- Timeouts in basketball. There should be one, period, like in hockey.
- The NHL rule where flipping the puck into the stands from your own zone is a penalty. It should be handled like icing, which is what the NCAA does.
- Hockey offsides is brutal. Widen the line to reduce whistles.
**[Tom Goss, not Ed Martin, is the man who killed Michigan basketball.]
3/11/2011 – Michigan 5, Bowling Green 1 – 24-9-4
3/12/2011 – Michigan 4, Bowling Green 1 – 25-9-4, CCHA semifinalists
Michigan did what would have been extremely hard for them not to do by dispatching Bowling Green easily. It's business time. Let's jump right to the bullets that aren't:
MFan in Ohio's usual breakdown awaits. Miami's sweep of a better opponent and some other jostling sees the Redhawks move up into a tie for Michigan's fourth spot. Usually one-on-one ties are broken with the comparison and Michigan holds that despite getting swept by the Redhawks earlier this year, so Michigan is still nominally in possession of that last one seed.
- Union was swept out of the ECAC playoffs by Colgate and won't be a threat; their RPI went from fourth to eighth and they've got no more games.
- Denver swept Mankato and remains a threat but now they're in the meat of the WCHA playoffs. They get Bemidji State or UMD followed by probably North Dakota—you want UND to win that hypothetical matchup big time. By sweeping the Screaming Eagles Denver obliterated their own TUC record and now can't pass Michigan unless M loses.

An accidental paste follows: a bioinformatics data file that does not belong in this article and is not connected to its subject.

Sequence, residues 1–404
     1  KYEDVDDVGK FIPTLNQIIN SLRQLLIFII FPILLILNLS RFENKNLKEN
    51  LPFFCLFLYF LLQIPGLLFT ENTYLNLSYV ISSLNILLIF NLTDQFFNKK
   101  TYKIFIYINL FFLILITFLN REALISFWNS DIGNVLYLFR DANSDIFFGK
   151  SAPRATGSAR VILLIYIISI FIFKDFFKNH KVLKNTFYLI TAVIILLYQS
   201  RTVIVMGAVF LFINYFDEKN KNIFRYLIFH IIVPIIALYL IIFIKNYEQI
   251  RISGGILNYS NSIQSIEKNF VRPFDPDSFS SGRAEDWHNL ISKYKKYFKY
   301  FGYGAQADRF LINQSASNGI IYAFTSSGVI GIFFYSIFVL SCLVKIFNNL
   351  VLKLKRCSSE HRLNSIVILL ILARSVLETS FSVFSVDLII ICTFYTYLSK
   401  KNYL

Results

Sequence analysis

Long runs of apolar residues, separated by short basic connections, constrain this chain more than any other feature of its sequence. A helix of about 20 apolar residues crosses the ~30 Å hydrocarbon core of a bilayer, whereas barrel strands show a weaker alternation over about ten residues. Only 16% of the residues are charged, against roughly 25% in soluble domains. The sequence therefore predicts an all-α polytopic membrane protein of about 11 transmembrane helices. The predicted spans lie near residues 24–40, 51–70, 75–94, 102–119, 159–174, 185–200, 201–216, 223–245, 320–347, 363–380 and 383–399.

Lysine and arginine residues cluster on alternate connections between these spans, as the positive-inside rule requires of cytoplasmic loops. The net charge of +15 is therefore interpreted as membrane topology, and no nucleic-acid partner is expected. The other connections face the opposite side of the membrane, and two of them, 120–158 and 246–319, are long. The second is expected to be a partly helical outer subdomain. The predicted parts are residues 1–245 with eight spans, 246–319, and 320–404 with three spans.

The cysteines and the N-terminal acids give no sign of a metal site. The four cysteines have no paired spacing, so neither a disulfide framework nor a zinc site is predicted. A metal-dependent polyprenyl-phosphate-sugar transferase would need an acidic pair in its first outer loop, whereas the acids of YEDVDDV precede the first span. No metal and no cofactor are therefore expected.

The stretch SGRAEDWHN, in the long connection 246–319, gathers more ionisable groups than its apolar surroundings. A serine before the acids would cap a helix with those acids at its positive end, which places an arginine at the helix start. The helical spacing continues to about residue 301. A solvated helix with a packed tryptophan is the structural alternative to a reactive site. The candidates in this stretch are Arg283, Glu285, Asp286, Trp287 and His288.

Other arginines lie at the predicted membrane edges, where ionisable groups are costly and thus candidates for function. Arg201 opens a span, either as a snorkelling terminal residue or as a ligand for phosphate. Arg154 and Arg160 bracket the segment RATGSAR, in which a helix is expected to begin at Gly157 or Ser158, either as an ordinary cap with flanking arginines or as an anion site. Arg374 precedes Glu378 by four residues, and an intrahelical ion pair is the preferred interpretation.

- UNO was swept by Bemidji State and went from threatening to take Michigan's comparison to hanging on to the last three seed. They're not a threat.
- Notre Dame beat LSSU in three games, which hurts them to the point where they can't pass Michigan even with a head to head win.
It's pretty simple now. Michigan gets a one seed if they win the CCHA or if they split at the Joe and two other things happen: Not Denver wins the WCHA and Not Miami wins the CCHA. Root for anyone against Denver and you really want Notre Dame to take the first semifinal on Friday; if it's a Michigan-ND CCHA final and Denver's knocked out by whoever in the WCHA playoffs the one seed could be locked up before the final.
Dirty. Thanks to reader Peter Saul you can relive Scooter's toe drag goal from Friday in gorgeous HD:
Just BG caveats apply but quick name Michigan's best forward not named Hagelin now that Wohlberg's out. Scooter, right?
Speaking of gurrrrgh. Losing David Wohlberg for the season is a heavy blow. With Llewellyn and Fallon gone—in Fallon's case temporarily—and Wohlberg and Caporusso out, Kevin Clare was the only healthy scratch on Saturday. Caporusso is supposed to be back this weekend but his health is going to be a big question. Michigan's going to need him to be his usual moderately effective self.
Break your nose six times next week and it will be a perfect comparison. Chris Brown's recent scoring run has taken him to nine goals, tied with Treais—on a run of his own—and Caporusso for fourth on the team behind Hagelin, Wohlberg, and Scooter Dominance. He's done this mostly by being a the big ugly net presence that he was supposed to be when he got drafted in the second round, and he's developing quite a knack for deflections* a la Ryan Smyth. He coolly directed a Merrill point shot into the net this weekend, for one. Of late it's usually Brown who is the source of "ohhhhh" moments when a defenseman's shot goes close after changing direction.